General Health - Other

Why does Smoking cause Hiccups



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"Why does Smoking cause Hiccups"
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The definition of hiccup is the spasmodic contraction of the diaphragm that repeats several times per minute. There are several different causes for one to hiccup:
Eating too much food too quickly
Drinking too much alcohol
Swallowing too much air
Smoking
A sudden change in stomach temperature, such as drinking a hot beverage and then a cold beverage.Emotional stress or excitementHiccups are the result of lack of oxygen or changes in breathing, or any activity that causes the diaphragm to undergo involuntary activity. I have concluded that it is not the smoke that causes the hiccup-the culprit is the reaction of nicotine in the bloodstream and brain.

Nicotine in tobacco smoke reaches the brain within 8 seconds of reaching the lungs. It reaches the muscles and the rest of the body soon after. The effects on the body are:
Nicotine increases the heart rate. This can be measured by checking the pulse before and after the cigarette.
Nicotine constricts blood vessels. This causes the blood pressure to increase and the blood circulation to slow down in the smaller blood vessels and a lowering of the skin temperature. These can be measured with blood pressure and skin temperature checks before and after the cigarette.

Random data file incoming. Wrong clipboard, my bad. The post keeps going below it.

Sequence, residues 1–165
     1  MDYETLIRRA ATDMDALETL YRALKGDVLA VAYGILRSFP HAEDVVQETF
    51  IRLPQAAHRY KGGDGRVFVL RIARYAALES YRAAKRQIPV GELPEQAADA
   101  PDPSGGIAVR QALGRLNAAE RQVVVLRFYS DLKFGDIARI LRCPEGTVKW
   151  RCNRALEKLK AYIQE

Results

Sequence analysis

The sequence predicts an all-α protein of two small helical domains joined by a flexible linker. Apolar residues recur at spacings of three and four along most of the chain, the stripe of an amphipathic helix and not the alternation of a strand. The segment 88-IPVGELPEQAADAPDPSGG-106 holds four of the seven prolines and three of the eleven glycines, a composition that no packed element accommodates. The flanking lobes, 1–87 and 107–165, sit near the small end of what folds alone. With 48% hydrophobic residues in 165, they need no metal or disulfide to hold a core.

Nicotine acts as a relaxant for some muscles and causes tension in others. This can be demonstrated by measuring hand tremors before and after the cigarette.
Nicotine increases stomach secretions
Nicotine changes the brain activity

The respiratory and the circulatory system are most affected by tobacco use. Once in the bloodstream, nicotine activates cholinergic receptors. These receptors are usually activated by the neurotransmitter, acetylcholine, which is produced in the brain and by neurons in the nervous system. Acetylcholine and its receptors are involved in many functions; including muscle movement, breathing, heart rate, learning, and memory. Nicotine's chemical makeup is similar to the Acetylcholine and therefore able to activate the receptors. When nicotine gets into the brain, it attaches to acetylcholine receptors and mimics the actions of acetylcholine. But, it can disrupt the normal functioning of the nervous system where information adjusts the outgoing messages that control contraction or changing in breathing patterns, resulting in a hiccup.

This, in my opinion, is the reason why one of the side-effects of nicotine replacement theorapy is hiccups.

More about this author: Wendy Boe

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